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redundant Q-in-Q injection


I have to inject traffic in a dot1q-tunnel and this has to happen in a redundant way. The structure of the underlying network is the following:

There are 2 pairs of switches the first one consists of 2 Catalyst 6509-E which both belong to 1 mst region and the second one is made up of 2 Catalyst 4948 which don't run any kind of spanning-tree. The 2 switches of each pair are connected to each other and this link should be the primary one. There are also 4 connections acting as trunks between these two pairs of switches, so that each switch has one direct connection to each one of the 2 switches of the opposite pair.

To inject the traffic into the Q-in-Q tunnel this structure of 4 direct connections between the switches is repeated. But this time the interfaces of the Catalyst 4849 terminate these links configured with "switchport mode dot1q-tunnel". At the other side the interfaces of the 2 Catalyst 6509-E are configured as trunk with allows only the vlans which had to be insert into the dot1q-tunnel.

My problem is that I can't get this running. With just one of the 4 Q-in-Q links active this works. But if I activate just one of the other 3 Q-in-Q connections this stops working properly. I lose the remote connection to the 2 Catalyst 6509-E and it seems there is a loop. But "debug spanning-tree all" won't show any thing at all at the 2 Catalyst 6509-E.

Has someone of you been able to setup a similar scenario? And/Or can give me some kind of hind in the right direction?

thanks in advance

kind regards


Community Member

Re: redundant Q-in-Q injection

Tag Stacking is a Cisco's implementation of Q-in-Q. Tag Stacking in the context of VPLS is used to bundle all customer VLANs into a single L2VPN identifier that identifies which VSI is used to switch the frame. The outer 802.1q label in the Tag Stack is a service delimiting Tag.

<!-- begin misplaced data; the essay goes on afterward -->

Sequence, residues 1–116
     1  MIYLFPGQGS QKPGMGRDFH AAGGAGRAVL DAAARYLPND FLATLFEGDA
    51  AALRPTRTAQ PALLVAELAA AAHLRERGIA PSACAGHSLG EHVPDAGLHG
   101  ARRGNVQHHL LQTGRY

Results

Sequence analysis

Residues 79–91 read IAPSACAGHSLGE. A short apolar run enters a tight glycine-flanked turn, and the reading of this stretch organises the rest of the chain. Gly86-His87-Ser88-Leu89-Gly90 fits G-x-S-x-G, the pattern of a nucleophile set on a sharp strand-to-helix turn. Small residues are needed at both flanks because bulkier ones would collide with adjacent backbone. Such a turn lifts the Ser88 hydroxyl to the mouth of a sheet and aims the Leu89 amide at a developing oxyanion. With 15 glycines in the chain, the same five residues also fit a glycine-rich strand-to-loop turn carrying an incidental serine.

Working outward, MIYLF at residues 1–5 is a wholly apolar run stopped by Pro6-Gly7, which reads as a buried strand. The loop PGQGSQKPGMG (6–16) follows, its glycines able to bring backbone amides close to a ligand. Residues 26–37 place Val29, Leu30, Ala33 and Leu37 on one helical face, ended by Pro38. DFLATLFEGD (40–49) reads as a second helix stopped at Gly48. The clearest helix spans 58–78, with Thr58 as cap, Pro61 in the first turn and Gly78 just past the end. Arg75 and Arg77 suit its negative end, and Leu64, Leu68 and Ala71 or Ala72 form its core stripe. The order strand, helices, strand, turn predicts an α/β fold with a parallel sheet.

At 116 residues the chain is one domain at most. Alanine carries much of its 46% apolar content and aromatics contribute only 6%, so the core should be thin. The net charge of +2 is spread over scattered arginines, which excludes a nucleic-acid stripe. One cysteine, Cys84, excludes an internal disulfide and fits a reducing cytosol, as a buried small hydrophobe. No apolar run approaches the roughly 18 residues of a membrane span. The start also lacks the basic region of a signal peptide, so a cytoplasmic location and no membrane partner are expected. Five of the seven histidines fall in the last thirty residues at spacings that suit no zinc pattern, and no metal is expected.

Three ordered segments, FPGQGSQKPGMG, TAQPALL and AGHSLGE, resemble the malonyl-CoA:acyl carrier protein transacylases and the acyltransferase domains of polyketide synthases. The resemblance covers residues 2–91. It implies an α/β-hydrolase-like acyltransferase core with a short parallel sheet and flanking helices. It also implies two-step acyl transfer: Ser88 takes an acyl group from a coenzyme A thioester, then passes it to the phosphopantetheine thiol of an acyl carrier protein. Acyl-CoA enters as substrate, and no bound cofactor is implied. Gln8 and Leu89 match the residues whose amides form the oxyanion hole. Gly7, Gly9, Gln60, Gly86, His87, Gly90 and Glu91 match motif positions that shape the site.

PPPoE - QinQ Support on Subinterfaces:

PPPoE - QinQ Support simply adds another layer of IEEE 802.1Q tag (called "metro tag" or "PE-VLAN") to the 802.1Q tagged packets that enter the network. The purpose is to expand the VLAN space by tagging the tagged packets, thus producing a "double-tagged" frame. The expanded VLAN space allows the service provider to provide certain services, such as Internet access on specific VLANs for specific customers, and yet still allows the service provider to provide other types of services for their other customers on other VLANs.

Generally the service provider's customers require a range of VLANs to handle multiple applications. Service providers can allow their customers to use this feature to safely assign their own VLAN IDs on subinterfaces because these subinterface VLAN IDs are encapsulated within a service provider-designated VLAN ID for that customer. Therefore there is no overlap of VLAN IDs among customers, nor does traffic from different customers become mixed. The double-tagged frame is "terminated" or assigned on a subinterface with an expanded encapsulation dot1q command that specifies the two VLAN ID tags (outer VLAN ID and inner VLAN ID) terminated on the subinterface. See Figure 1.

PPPoE - QinQ Support is generally supported on whichever Cisco IOS features or protocols are supported on the subinterface. For example, if you can run PPPoE on the subinterface, you can configure a double-tagged frame for PPPoE. IPoQ-in-Q supports IP packets that are double-tagged for Q-in-Q VLAN tag termination by forwarding IP traffic with the double-tagged (also known as stacked) 802.1Q headers.


Community Member

Re: redundant Q-in-Q injection


I've found my mistake. The "l2protocol-tunnel stp" was missing at the Q-in-Q ports, so the STP wasn't able to work properly and remove the loops.



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